"There have been quite a number of published studies looking at mothers who breastfeed and take newer anti-depressants, and they offer encouraging results," says Dr. Steven Pariser, professor of clinical psychology and obstetrics and gynecology at The Ohio State University Medical Center.
"People don't have the same acceptance of depressive illness as they have for diabetes, hypertension and hypothyroidism, and that's an unfortunate fact," Dr. Pariser
"It's wonderful if spouses help the new mother get help, not only professionally but at home," Dr. Pariser
..."Very little in terms of clinical, postpartum depression is the result of societal expectations," says Dr. Steven Pariser, professor of clinical psychology and obstetrics and gynecology at The Ohio State University Medical Center who directs both the Depression Research Program and Women's Depression Clinic.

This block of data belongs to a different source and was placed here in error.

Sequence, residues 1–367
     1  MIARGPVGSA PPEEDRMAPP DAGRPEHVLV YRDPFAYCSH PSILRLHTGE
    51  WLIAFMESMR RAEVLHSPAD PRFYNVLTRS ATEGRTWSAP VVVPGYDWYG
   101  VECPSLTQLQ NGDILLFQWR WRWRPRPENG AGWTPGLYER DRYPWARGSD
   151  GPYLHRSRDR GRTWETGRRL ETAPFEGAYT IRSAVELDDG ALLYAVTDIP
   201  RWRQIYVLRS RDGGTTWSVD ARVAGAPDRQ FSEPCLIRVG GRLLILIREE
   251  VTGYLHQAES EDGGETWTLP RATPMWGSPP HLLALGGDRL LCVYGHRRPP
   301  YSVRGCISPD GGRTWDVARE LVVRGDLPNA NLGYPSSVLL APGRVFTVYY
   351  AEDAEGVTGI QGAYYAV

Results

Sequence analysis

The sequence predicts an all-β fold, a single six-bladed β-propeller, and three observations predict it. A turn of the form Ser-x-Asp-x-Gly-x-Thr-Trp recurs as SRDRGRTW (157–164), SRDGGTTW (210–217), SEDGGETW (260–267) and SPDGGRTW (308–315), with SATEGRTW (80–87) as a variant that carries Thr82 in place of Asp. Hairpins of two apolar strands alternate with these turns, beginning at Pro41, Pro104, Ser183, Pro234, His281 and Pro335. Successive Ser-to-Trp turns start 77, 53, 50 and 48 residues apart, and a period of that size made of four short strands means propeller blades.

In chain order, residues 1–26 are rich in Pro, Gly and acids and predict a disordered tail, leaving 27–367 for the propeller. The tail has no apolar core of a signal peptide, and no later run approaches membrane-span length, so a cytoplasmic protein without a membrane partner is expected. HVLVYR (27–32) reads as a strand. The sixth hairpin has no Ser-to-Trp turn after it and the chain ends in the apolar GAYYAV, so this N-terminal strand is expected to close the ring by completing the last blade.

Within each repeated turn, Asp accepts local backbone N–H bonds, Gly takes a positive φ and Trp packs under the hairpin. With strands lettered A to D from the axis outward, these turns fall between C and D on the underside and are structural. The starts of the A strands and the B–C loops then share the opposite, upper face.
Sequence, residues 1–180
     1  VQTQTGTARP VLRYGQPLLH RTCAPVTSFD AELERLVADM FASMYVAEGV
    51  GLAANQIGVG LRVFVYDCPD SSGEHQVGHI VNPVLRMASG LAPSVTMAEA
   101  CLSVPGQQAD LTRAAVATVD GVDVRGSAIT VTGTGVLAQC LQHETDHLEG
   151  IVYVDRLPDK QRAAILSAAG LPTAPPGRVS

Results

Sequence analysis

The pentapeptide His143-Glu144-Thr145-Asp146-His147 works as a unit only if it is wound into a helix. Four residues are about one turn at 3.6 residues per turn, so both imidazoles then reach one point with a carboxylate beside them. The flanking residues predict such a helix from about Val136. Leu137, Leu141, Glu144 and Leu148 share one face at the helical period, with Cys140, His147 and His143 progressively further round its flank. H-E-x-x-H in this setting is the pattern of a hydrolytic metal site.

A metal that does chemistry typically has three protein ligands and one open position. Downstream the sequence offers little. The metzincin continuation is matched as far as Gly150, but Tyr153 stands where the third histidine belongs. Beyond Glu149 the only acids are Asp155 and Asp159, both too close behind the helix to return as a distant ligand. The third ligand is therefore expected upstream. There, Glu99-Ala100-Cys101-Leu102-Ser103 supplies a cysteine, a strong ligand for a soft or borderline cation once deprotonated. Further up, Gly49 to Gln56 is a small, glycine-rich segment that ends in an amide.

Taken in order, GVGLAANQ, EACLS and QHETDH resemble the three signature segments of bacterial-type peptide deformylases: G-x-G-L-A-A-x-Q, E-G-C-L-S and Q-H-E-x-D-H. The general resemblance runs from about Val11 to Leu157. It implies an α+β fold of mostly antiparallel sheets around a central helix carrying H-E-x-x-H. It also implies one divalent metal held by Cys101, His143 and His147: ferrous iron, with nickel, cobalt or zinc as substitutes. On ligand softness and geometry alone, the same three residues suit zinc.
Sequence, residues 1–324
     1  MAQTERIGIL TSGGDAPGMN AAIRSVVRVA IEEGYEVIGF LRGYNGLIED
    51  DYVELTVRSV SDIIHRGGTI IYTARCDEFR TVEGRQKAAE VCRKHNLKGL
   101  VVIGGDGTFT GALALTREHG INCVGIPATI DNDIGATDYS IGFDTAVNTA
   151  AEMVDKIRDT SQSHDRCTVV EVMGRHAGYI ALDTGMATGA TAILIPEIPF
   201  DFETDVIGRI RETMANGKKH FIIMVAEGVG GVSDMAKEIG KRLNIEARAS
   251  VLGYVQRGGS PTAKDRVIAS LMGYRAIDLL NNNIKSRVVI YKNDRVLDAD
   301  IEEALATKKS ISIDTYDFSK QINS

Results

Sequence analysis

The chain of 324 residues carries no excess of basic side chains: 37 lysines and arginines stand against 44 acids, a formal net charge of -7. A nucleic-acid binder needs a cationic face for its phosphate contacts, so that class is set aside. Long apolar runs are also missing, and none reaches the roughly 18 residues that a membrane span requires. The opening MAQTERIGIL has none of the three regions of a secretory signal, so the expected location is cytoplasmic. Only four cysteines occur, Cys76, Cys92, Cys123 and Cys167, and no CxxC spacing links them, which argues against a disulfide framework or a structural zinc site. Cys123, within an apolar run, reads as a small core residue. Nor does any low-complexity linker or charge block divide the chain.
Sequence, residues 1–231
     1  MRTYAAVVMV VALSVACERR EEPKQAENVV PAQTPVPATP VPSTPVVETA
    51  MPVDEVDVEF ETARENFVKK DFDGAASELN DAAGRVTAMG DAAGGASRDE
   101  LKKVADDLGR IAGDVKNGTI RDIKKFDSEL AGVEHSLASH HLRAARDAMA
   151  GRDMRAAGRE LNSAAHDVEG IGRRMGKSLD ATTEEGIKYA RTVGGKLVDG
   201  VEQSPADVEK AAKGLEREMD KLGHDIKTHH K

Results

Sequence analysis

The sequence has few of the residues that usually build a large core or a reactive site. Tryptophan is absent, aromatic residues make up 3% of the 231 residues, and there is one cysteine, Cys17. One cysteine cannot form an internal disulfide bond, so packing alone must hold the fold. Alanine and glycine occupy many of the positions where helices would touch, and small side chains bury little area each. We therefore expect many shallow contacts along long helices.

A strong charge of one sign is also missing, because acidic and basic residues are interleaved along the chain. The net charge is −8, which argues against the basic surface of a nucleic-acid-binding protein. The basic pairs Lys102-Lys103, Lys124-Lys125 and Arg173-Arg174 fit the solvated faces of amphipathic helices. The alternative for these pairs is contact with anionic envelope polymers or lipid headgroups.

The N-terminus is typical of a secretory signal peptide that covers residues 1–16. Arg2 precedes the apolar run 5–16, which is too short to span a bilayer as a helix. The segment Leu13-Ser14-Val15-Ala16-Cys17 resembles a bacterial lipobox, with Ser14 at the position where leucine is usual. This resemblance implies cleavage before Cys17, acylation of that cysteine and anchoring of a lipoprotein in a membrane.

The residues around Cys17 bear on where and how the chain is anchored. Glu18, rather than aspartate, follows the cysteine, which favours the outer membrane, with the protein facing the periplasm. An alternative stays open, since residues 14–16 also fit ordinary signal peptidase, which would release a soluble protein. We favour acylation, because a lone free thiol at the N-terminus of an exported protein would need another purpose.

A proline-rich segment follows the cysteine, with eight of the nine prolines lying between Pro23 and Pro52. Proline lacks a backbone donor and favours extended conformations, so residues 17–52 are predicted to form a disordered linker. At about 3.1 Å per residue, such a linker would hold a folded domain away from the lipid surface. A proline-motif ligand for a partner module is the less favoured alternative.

"At the same time, it's not helpful to a new mother to be feeling so poorly and have everyone around her
dumbfounded by the fact that she
isn't celebrating.Stress, financial or relationship issues, marital problems, job-related concerns - a lot of factors can make it worse, and we try to address them all."
So misinformed is the general public about this very common and treatable condition that Dr. Pariser
fears the Andrea Yates case, in which the Texas woman was convicted of drowning her
five children, pushed informational progress back at least a century."She
did not have postpartum depression," says Dr. Pariser
"Addressing any other psycho-social issues - relationships and other co-morbid conditions that make it worse - is important," Dr. Pariser